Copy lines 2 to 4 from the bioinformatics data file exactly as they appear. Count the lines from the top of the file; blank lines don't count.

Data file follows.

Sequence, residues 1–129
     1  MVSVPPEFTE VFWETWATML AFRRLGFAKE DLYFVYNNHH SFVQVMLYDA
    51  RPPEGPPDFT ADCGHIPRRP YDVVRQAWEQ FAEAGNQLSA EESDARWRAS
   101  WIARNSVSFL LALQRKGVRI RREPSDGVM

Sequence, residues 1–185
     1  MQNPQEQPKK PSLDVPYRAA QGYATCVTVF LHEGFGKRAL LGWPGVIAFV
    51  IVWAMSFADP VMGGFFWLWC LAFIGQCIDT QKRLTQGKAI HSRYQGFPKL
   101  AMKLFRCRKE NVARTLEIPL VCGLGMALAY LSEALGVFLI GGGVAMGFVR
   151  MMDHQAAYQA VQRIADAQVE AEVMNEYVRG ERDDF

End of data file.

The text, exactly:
     1  MVSVPPEFTE VFWETWATML AFRRLGFAKE DLYFVYNNHH SFVQVMLYDA
    51  RPPEGPPDFT ADCGHIPRRP YDVVRQAWEQ FAEAGNQLSA EESDARWRAS
   101  WIARNSVSFL LALQRKGVRI RREPSDGVM